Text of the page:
Dean David Marchick was invited by Ambassador Katherine Tai and Secretary of Commerce Gina Raimondo to join 13 IPEF partner countries at the first-ever in-person Indo-Pacific Economic Framework Ministerial.
In his remarks, Dean Marchick highlighted the importance of embracing stronger environmental and labor standards to make countries more attractive for investments.
Dean Marchick's remarks as prepared for delivery are below:
Thank you, Ambassador Tai and Secretary Raimondo, for your leadership and for inviting me here. I would be remiss if I did not thank Secretary Raimondo for her time and wisdom when she served on my board at the US International Development Finance Corporation.
I speak today with hopefully some relevant experience—I served as a trade official for seven years, then as an attorney advising investors and companies on international investment. For 12 years, I served as a senior executive of one of the largest investment firms in the world. I then served as the Chief Operating Officer of the United States development bank and now am the Dean of the business school at American University, which hosts one of the leading sustainability programs in the United States.
I am an enthusiastic supporter of the goals of the Indo-Pacific Economic Framework for Prosperity. This initiative will strengthen ties, increase trade and investment, and raise living standards in each of our countries. Today, Secretary Raimondo and Ambassador Tai asked me to speak on sustainable investment.
Sustainable investment by the largest asset owners in the world—pension funds, investment funds, insurance companies, and asset managers—is the fastest-growing investment area. Blackrock reports that sustainable ETFs represent the fastest-growing part of public equity and debt markets. In a survey, the London Stock exchange reported that 84 percent of asset owners implemented sustainable investment strategies in 2021, double the number from 2018. PWC predicts that investments in this space will triple over the next three years. Countries and companies are competing for this investment.
How does this relate to the IPEC?
Companies and investment firms consider a number of factors when making investment decisions— the quality of the workforce, the strength of the infrastructure, access to markets, and, increasingly, a variety of sustainability metrics.
Thus, by embracing stronger environmental and labor standards, countries and companies will be more attractive, not less attractive, for investments.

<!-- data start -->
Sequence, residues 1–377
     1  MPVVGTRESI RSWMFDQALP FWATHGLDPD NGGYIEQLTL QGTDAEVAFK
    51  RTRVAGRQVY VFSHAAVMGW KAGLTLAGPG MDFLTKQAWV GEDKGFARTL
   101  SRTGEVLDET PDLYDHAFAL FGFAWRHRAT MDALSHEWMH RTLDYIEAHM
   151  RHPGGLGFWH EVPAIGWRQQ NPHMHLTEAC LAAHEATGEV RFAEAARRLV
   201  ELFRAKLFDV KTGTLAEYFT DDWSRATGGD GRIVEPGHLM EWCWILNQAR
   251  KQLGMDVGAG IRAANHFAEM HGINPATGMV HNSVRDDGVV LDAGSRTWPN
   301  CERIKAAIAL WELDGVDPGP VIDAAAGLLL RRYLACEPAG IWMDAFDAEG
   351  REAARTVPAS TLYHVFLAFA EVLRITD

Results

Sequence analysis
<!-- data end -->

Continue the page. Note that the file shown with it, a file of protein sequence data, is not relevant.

Let me give you an example—we are increasingly seeing severe weather events around the world as a result of climate change. My former investment firm owned a manufacturing company with facilities worldwide. One of its facilities was hit by a severe weather event. It first caused flooding. When the flood receded, the power stayed off for a week. When the power came back, the workers could not show up because they were fixing their homes and taking care of their kids since schools were closed. It severely hurt productivity. This was not in a developing country. It was not in Asia. It was Houston, Texas.
When we invested in this company nine years prior, we did not even consider whether a severe weather event could harm the company. My former firm now requires that environmental, social, and governance issues be considered in every investment.
In fact, data supports this anecdote. Research by Jennifer Oetzel, a professor at American University’s business school, demonstrates that business leaders are increasingly making investment decisions with disaster preparedness in mind. Her research concludes that those environments or locations which are less likely to face severe weather events, and those locations which have more capacity to manage disasters, are more likely to receive more investments. Thus, if your country demonstrates that it has the capacity to mitigate the impact of severe weather events or other disasters, you will be more attractive as an investment environment.
The same logic applies to labor standards since companies want to invest in locations where labor rights are protected and where poor labor standards will not harm a company’s reputation.
Companies today are actively exploring moving facilities out of countries where environmental or labor standards create reputational risk. It takes decades to build a reputation, but that reputation can be destroyed in a moment. Companies are no longer willing to take that risk.
In 1993, I worked in the White House on NAFTA, the North American Free Trade Agreement. At that time, President Clinton pressed for stronger labor and environmental standards. Business was opposed. Investors were opposed. Mexico was opposed.
Thirty years later, the equation has changed. The market has changed. Investors have changed. And attitudes in board rooms have changed. Businesses see environmental, social, and governance issues as central to their business—and their reputation. Today, by strengthening your commitment to sustainability, you will attract more, not less capital, leading to more jobs, higher wages, and better standards of living for your people.
That is why I applaud this work stream in the IPEC, and I very much hope that you and your leaders can work toward a broad agreement between our countries.
Thank you for the opportunity to speak with you today.